Skip Navigation
NPR News
(EDITORS NOTE: THIS IMAGE WAS REVIEWED BY U.S. MILITARY) The sun rises over Camp Delta detention com (Photo by Brennan Linsley-PoolGetty Images)

Guantanamo Bay: 'School For Jihad'?

Jun 18, 2008

Hear this

This text will be replaced
Launch in player

Share this

Explore this

Reported by

Scott Cameron

Related Topics at

Two reporters spent eight months tracking down 66 men who were previously held at Guantanamo Bay as suspected terrorists. It's a wide-ranging investigation and in the end, the McClatchy reporters described a very flawed system in which many detainees were imprisoned on flimsy or fabricated evidence, in which some detainees were abused, and in some cases, a system in which U.S. detention policy proved counterproductive by creating jihadists and drumming up support for terrorists.

A McClatchy investigation found that instead of confining terrorists, Guantanamo often produced more of them by rounding up common criminals, conscripts, low-level foot soldiers and men with no allegiance to radical Islam — thus inspiring a deep hatred of the United States in them — and then housing them in cells next to radical Islamists.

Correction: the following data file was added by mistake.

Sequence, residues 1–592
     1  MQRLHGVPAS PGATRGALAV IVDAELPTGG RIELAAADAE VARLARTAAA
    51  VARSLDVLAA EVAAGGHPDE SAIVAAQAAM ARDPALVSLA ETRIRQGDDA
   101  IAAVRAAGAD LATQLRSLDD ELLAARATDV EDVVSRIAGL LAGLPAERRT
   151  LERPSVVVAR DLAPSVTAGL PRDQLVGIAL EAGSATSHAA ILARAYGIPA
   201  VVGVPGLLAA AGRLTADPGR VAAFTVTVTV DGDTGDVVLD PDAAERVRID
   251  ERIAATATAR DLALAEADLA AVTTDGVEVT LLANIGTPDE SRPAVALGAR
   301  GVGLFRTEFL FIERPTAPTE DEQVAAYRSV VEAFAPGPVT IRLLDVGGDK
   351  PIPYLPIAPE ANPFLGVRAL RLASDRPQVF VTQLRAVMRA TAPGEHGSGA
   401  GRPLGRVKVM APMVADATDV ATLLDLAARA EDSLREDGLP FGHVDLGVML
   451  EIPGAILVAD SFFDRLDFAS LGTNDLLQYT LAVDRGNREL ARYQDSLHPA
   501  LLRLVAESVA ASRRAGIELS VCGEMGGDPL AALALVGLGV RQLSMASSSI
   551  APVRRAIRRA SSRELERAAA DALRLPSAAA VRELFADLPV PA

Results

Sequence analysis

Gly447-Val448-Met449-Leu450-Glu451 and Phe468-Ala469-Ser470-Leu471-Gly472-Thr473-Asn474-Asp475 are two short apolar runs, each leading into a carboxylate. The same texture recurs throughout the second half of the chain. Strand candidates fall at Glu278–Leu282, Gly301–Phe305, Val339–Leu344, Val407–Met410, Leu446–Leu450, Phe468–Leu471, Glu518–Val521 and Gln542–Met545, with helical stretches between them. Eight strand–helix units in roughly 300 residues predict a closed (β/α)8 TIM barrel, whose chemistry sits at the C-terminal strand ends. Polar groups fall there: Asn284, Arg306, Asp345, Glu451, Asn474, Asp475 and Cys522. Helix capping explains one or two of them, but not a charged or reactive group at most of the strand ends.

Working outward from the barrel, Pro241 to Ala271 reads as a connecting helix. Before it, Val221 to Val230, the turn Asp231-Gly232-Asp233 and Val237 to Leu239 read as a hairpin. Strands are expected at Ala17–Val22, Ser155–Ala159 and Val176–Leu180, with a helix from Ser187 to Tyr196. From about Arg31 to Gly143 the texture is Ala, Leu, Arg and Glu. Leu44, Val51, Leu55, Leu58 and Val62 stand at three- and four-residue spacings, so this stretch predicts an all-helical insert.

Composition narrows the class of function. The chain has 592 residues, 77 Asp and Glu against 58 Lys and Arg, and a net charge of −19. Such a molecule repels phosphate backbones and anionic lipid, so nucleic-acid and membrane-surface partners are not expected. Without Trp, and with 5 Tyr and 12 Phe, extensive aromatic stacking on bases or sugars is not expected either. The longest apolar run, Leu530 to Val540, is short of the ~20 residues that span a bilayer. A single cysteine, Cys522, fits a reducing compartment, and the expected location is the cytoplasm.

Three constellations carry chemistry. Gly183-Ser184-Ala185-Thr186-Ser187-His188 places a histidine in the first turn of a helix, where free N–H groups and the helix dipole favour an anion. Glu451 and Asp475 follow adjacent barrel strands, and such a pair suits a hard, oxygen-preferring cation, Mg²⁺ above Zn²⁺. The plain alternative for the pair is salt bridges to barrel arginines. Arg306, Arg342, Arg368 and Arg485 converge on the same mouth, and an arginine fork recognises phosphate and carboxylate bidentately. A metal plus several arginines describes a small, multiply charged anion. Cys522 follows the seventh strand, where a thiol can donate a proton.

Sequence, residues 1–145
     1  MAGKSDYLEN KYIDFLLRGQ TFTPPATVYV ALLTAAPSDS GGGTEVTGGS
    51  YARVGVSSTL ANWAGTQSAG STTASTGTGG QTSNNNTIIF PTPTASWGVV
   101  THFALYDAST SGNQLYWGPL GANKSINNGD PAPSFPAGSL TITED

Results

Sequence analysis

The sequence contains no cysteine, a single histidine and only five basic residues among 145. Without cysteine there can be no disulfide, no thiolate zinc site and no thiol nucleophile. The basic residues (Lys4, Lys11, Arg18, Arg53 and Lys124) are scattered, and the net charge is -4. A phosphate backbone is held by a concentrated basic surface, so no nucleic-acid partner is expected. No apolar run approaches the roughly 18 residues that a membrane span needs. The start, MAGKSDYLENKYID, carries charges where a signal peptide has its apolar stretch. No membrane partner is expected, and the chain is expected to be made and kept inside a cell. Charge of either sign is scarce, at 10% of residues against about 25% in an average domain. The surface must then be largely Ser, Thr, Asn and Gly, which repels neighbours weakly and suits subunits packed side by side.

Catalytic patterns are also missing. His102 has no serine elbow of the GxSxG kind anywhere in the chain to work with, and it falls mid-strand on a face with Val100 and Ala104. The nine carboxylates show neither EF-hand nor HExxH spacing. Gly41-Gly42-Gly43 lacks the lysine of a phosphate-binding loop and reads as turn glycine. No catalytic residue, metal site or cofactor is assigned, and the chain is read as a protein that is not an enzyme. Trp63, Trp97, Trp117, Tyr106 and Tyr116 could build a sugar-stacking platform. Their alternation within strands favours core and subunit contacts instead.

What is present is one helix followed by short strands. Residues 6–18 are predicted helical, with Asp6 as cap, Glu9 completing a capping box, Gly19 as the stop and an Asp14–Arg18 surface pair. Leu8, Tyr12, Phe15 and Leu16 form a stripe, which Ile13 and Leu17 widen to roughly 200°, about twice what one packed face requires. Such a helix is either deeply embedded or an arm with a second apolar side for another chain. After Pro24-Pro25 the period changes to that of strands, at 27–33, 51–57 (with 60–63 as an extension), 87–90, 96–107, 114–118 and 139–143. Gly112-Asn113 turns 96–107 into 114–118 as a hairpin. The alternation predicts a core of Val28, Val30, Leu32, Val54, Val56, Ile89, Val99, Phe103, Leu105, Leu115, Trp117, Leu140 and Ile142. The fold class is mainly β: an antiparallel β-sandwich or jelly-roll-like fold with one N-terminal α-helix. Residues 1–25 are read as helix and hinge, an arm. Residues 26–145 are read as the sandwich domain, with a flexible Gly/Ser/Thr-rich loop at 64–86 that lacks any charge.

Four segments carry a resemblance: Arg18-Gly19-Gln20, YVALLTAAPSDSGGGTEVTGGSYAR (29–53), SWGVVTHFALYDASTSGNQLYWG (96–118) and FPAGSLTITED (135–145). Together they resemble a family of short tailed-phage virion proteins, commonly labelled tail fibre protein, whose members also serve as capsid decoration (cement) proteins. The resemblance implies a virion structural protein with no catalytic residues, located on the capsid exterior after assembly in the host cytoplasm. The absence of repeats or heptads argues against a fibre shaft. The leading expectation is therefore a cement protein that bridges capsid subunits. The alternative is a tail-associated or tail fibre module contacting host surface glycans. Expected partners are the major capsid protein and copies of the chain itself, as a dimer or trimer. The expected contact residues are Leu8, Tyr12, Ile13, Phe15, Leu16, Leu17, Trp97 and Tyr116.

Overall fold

The radicals were quick to exploit the flaws in the U.S. detention system.

Now, less than a week after the Supreme Court decided that detainees have the right to fight their detention in U.S. courts, we'll talk with one of the reporters who met with former detainees, and with his editor. Not only about who these men were and who they are today, but also about how the reporters got this story, how they tracked down 66 former detainees and convinced them to talk on the record, how the U.S. government responded, and what they learned along the way. The week-long series is available in full online, along with documents they uncovered, videotaped interviews, and more detail about the 66 former prisoners. Check out the series at the McClatchy site and send us your questions or comments for the reporting team here.

Copyright 2014 NPR. To see more, visit

Missing some content? Check the source: NPR
Copyright(c) 2014, NPR

Visitor comments


NCPR is supported by:

This is a Visitor-Supported website.